This weekend marked the one year anniversary of our move to the UK. 365 days since we waved goodbye to friends and family and set up house in a tiny flat in London. I find landmark moments in time warrant a complete review of how that time was spent so I created a personal end-of-the-year report card of sorts.
1.Moving was a major undertaking. I give myself an A in that category only because someone else did the packing and shipping. Anything is better than the 10+ previous US Navy military moves. No one tried to pack a bicycle inside a cherry armoire this time, so I’ll consider it a win. Perspective is everything.
2. Adjusting to my new home country is still a work in progress…I give myself a B to B- strictly because of the rage inducing encounters I had with BT, O2 and NatWest during the first few months of our London life. I’m working on adjusting to a new level of customer service and am happy to report I pleasantly negotiated a non-hostile refund with Gatwick Express today. Progress.
3. Traveling. Travel was a prime motivator for accepting an overseas move and we’ve maximized every opportunity. We get an A- with a side of Needs Improvement. I had a moment in Hong Kong when I woke up in a dark room at 3:00am and had absolutely no idea where I was. No. Idea. This disquieting middle-of-the night, jet-lagged moment led to an epiphany…perhaps, just perhaps, we were traveling a bit too much. Mind you, I’ve enjoyed every single minute of every trip, but realize that running from one place to the next with a camera and notebook in hand left me little time to really reflect on where I’ve been. I’m going to take some time this summer to sift through my 5000 photos (don’t worry, I won’t post them all) and my little notebook stuffed with semi-legible notes. There are good memories in there to share.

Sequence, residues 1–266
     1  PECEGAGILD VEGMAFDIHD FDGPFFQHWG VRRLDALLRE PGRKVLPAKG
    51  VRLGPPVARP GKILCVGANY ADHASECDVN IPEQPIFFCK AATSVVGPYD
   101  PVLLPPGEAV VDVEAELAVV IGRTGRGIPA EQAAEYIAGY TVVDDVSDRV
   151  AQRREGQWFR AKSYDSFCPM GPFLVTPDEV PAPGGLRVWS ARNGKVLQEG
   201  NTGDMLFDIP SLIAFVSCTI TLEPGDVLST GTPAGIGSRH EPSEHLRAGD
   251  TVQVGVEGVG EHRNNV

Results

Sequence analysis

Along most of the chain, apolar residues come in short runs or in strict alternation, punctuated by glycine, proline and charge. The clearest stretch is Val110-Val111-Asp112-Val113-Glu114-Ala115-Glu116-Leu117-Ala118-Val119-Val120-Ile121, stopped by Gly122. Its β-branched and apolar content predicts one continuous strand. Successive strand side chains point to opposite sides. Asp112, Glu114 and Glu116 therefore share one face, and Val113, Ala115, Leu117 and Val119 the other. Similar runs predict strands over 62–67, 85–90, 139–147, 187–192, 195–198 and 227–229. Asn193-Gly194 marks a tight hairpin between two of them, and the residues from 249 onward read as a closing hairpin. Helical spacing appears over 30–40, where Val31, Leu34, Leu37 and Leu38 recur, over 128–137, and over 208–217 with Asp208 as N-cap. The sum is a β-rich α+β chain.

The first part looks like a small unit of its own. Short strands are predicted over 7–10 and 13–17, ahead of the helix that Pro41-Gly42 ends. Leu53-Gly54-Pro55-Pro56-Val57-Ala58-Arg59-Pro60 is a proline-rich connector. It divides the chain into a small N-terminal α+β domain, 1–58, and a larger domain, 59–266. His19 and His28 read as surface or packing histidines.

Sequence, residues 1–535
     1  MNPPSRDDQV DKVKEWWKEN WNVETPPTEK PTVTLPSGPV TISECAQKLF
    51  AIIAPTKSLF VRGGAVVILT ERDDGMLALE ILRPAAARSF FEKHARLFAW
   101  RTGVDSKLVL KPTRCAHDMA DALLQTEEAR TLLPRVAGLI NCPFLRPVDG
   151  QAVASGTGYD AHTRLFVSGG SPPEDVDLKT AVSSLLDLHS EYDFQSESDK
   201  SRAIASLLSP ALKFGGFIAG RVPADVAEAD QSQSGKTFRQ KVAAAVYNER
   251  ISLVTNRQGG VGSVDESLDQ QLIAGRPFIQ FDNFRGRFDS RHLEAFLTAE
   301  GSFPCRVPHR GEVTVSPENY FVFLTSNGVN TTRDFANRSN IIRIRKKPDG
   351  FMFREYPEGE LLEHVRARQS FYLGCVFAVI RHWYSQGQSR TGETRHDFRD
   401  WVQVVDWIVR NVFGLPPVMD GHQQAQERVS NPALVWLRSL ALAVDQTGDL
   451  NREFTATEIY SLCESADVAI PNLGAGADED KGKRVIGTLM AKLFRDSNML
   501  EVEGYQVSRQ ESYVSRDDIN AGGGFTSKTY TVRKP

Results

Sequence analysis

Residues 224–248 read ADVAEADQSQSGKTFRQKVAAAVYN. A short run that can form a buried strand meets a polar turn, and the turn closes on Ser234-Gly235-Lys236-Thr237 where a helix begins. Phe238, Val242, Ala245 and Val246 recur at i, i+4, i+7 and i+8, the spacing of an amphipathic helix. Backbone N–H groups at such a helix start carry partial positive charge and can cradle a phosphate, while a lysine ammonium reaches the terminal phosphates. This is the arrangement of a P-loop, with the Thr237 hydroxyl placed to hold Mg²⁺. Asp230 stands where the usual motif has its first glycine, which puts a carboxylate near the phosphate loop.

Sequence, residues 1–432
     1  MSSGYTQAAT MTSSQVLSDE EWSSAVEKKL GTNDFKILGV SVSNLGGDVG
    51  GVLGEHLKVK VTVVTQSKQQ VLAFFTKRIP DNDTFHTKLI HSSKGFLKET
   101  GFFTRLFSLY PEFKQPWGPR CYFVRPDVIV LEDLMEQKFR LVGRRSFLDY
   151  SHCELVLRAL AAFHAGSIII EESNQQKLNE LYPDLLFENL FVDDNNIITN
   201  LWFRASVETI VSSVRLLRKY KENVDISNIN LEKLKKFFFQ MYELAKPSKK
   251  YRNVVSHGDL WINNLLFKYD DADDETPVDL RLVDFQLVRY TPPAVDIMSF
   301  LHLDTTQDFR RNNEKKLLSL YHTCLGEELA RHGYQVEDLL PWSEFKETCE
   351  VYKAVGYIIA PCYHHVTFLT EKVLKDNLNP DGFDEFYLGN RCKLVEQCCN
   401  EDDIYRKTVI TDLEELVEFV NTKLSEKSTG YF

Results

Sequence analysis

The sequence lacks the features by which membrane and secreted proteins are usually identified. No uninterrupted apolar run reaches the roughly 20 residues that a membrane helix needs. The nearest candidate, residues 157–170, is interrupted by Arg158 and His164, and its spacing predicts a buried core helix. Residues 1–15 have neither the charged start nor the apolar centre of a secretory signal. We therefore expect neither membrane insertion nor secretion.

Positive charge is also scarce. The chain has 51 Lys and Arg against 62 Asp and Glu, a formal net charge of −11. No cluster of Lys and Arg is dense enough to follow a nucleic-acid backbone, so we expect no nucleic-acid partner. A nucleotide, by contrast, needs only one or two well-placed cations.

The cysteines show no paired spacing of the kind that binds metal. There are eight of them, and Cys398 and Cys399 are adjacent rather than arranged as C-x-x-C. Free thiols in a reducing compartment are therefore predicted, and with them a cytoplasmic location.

4. Learning. It goes beyond learning not to over-shop at the grocery store when you have a 2km walk home and not saying “pants” when you mean trousers. It’s learning how create a new work life from nothing, how to reach out to others and establish new relationships with complete strangers and trusting that just this once it might be ok to figure everything out as you go along.
5. Being thankful. We are incredibly grateful every day for the opportunity to live as expats. It comes with its own set of worries, true. We worry about our parents, our kids, sick relatives, not being home to celebrate and/or grieve with people we love. We worry about never finding a community to call home, but in the end, we hope the pros outweigh the cons. We’ve been blessed with a nice neighborhood, a shorter commute, more time together and fabulous friends in Crossfit Central London and elsewhere. We have a non-stop stream of house guests who bring us love, a bit of home and the good kind of peanut butter. We are blessed.
Thanks for following along.